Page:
Lesson 9

How Much in Each Group? (Part 2)

Let’s practice dividing fractions in different situations.

9.1: Number Talk: Greater Than 1 or Less Than 1?

Decide whether each quotient is greater than 1 or less than 1.

\(\frac12\div\frac14\)

\(1\div\frac34\)

\(\frac23\div\frac78\)

\(2\frac78\div2\frac35\)

9.2: Two Water Containers

Three images. First, a measuring cup filled with the fraction 3 over 4 liters of water. Second, water in measuring cup being poured into a water dispenser with five equal spaced tick marks. Third, water up to the second tick mark on dispenser.  
  1. After looking at these pictures, Lin says, “I see the fraction \(\frac 25\).” Jada says, “I see the fraction \(\frac 34\).” What quantities are Lin and Jada referring to?
  2. Consider the problem: How many liters of water fit in the water dispenser?

    1. Write a multiplication equation and a division equation for the question.

    2. Find the answer and explain your reasoning. If you get stuck, consider drawing a diagram.

    3. Check your answer using the multiplication equation.

9.3: Amount in One Group

Write a multiplication equation and a division equation and draw a diagram to represent each situation. Then, find the answer and explain your reasoning.

  1. Jada bought \(3\frac12\) yards of fabric for $21. How much did each yard cost?

  2. \(\frac 49\) kilogram of baking soda costs $2. How much does 1 kilogram of baking soda cost?

  3. Diego can fill \(1\frac15\) bottles with 3 liters of water. How many liters of water fill 1 bottle?

  4. \(\frac54\) gallons of water fill \(\frac56\) of a bucket. How many gallons of water fill the entire bucket?



The largest sandwich ever made weighed 5,440 pounds. If everyone on Earth shares the sandwich equally, how much would you get? What fraction of a regular sandwich does this represent?

9.4: Inventing Another Situation

  1. Think of a situation with a question that can be represented by \(\frac{1}{3}\div\frac14 = {?}\). Describe the situation and the question.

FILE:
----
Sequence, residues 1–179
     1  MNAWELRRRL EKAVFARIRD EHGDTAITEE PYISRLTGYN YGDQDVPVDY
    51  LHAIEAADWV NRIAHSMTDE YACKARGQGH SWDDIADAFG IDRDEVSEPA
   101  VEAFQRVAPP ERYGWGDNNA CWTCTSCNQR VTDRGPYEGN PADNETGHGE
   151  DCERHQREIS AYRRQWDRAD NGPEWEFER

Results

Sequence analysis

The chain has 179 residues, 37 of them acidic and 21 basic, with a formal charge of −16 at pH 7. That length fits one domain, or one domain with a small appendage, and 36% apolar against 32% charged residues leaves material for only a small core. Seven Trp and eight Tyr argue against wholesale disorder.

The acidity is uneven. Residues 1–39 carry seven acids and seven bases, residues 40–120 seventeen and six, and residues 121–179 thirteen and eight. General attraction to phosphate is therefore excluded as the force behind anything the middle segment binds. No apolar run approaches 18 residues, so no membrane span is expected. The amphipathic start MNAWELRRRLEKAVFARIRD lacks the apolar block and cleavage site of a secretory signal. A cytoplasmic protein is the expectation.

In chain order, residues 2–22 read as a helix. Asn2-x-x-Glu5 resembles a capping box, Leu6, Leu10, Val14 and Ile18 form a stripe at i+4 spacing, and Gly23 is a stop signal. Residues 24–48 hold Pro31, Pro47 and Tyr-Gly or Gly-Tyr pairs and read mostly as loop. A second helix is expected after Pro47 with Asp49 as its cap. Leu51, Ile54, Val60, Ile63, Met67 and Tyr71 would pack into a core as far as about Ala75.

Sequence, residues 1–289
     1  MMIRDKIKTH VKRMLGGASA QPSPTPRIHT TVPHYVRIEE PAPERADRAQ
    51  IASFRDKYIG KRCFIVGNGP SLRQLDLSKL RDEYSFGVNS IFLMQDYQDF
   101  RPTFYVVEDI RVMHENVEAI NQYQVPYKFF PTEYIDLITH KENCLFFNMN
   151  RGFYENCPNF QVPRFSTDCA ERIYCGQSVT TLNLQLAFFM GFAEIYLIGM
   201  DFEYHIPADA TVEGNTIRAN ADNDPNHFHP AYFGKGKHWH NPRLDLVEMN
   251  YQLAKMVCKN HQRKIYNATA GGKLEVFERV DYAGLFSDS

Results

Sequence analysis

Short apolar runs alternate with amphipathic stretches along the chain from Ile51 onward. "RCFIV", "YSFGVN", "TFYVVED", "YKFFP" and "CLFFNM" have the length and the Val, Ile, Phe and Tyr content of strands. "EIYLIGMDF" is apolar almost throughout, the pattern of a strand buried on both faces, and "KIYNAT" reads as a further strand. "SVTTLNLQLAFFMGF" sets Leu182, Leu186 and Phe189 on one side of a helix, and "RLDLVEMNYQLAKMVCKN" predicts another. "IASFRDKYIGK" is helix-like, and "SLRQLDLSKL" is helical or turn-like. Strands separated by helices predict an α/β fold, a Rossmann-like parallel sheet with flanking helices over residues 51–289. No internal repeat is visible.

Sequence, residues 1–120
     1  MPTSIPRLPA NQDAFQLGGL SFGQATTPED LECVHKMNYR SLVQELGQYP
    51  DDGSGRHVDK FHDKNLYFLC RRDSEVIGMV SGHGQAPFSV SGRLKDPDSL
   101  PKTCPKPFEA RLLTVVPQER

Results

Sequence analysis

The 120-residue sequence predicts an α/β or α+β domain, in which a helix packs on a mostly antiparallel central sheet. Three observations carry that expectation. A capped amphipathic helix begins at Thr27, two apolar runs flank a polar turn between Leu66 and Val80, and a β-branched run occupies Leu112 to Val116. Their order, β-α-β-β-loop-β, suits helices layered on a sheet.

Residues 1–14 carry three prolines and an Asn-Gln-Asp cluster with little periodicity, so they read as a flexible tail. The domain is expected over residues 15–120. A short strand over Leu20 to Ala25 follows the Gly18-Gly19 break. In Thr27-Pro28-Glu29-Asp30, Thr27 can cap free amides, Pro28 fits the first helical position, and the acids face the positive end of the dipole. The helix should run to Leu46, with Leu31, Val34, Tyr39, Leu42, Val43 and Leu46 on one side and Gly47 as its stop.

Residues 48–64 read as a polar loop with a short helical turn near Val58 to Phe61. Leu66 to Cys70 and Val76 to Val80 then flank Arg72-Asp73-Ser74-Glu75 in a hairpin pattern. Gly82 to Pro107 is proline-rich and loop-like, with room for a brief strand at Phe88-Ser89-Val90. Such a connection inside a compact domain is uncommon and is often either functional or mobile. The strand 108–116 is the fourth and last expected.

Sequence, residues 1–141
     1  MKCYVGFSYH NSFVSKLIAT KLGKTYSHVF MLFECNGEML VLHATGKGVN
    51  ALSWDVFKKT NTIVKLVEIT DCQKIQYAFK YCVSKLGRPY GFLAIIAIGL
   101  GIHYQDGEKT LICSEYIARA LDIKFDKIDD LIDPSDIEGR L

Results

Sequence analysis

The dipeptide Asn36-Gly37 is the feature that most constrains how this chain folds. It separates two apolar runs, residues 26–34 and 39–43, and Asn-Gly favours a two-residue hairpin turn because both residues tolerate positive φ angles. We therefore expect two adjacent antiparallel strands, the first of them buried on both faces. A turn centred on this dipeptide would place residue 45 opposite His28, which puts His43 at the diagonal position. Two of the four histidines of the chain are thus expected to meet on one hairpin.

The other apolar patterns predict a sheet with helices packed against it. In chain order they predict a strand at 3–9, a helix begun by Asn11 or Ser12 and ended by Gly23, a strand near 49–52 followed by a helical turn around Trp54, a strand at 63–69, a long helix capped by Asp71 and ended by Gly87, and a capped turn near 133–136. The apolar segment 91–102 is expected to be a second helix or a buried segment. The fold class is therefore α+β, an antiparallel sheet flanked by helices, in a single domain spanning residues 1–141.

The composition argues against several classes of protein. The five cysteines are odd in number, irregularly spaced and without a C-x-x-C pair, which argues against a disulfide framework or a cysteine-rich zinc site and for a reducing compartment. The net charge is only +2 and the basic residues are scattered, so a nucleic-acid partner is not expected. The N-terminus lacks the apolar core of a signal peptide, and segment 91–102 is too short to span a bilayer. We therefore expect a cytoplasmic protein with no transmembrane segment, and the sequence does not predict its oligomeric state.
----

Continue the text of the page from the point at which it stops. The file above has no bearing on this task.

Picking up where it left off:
2. Trade descriptions with a partner.

    • Review each other’s description and discuss whether each question matches the equation.
    • Revise your description based on the feedback from your partner.
  3. Find the answer to your question. Explain or show your reasoning. If you get stuck, consider drawing a diagram.

Summary

Sometimes we have to think carefully about how to solve a problem that involves multiplication and division. Diagrams and equations can help us.

For example, \(\frac34\) of a pound of rice fills \(\frac25\) of a container. There are two whole amounts to keep track of here: 1 whole pound and 1 whole container. The equations we write and the diagram we draw depend on what question we are trying to answer.

  • How many pounds fill 1 container?

    \(\displaystyle \frac 25 \boldcdot {?} = \frac 34\)

    \(\displaystyle \frac 34 \div \frac 25 = {?}\)

    Fraction bar diagram. 5 equal parts. 2 parts shaded.

    If \(\frac25\) of a container is filled with \(\frac 34\) pound, then \(\frac 15\) of a container is filled with half of \(\frac34\), or \(\frac38\), pound. One whole container then has \(5 \boldcdot \frac38\) (or \(\frac {15}{8}\)) pounds.

  • What fraction of a container does 1 pound fill?

    \(\displaystyle \frac34 \boldcdot {?} = \frac25\)

    \(\displaystyle \frac25 \div \frac34 ={?}\)

    Fraction bar diagram. 4 equal parts. 3 parts shaded. 

    If \(\frac 34\) pound fills \(\frac25\) of a container, then \(\frac14\) pound fills a third of \(\frac25\), or \(\frac {2}{15}\), of a container. One whole pound then fills \(4 \boldcdot \frac{2}{15}\) (or \(\frac {8}{15}\)) of a container.